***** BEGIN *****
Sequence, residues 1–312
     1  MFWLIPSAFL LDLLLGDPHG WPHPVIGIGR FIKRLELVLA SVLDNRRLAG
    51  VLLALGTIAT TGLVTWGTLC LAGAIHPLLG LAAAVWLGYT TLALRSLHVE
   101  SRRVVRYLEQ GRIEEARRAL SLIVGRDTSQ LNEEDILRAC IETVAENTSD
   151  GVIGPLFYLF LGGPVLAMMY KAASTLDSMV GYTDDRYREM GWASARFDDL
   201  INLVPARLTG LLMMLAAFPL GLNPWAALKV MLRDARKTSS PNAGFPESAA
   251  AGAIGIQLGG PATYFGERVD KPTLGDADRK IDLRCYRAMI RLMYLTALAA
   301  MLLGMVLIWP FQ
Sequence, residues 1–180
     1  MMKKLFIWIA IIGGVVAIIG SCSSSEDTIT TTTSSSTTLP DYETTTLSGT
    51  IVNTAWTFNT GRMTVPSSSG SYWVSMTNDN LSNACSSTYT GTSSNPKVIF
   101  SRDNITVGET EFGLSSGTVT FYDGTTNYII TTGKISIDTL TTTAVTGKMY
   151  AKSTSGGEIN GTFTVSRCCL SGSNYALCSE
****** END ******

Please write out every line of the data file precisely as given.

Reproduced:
Sequence, residues 1–312
     1  MFWLIPSAFL LDLLLGDPHG WPHPVIGIGR FIKRLELVLA SVLDNRRLAG
    51  VLLALGTIAT TGLVTWGTLC LAGAIHPLLG LAAAVWLGYT TLALRSLHVE
   101  SRRVVRYLEQ GRIEEARRAL SLIVGRDTSQ LNEEDILRAC IETVAENTSD
   151  GVIGPLFYLF LGGPVLAMMY KAASTLDSMV GYTDDRYREM GWASARFDDL
   201  INLVPARLTG LLMMLAAFPL GLNPWAALKV MLRDARKTSS PNAGFPESAA
   251  AGAIGIQLGG PATYFGERVD KPTLGDADRK IDLRCYRAMI RLMYLTALAA
   301  MLLGMVLIWP FQ
Sequence, residues 1–180
     1  MMKKLFIWIA IIGGVVAIIG SCSSSEDTIT TTTSSSTTLP DYETTTLSGT
    51  IVNTAWTFNT GRMTVPSSSG SYWVSMTNDN LSNACSSTYT GTSSNPKVIF
   101  SRDNITVGET EFGLSSGTVT FYDGTTNYII TTGKISIDTL TTTAVTGKMY
   151  AKSTSGGEIN GTFTVSRCCL SGSNYALCSE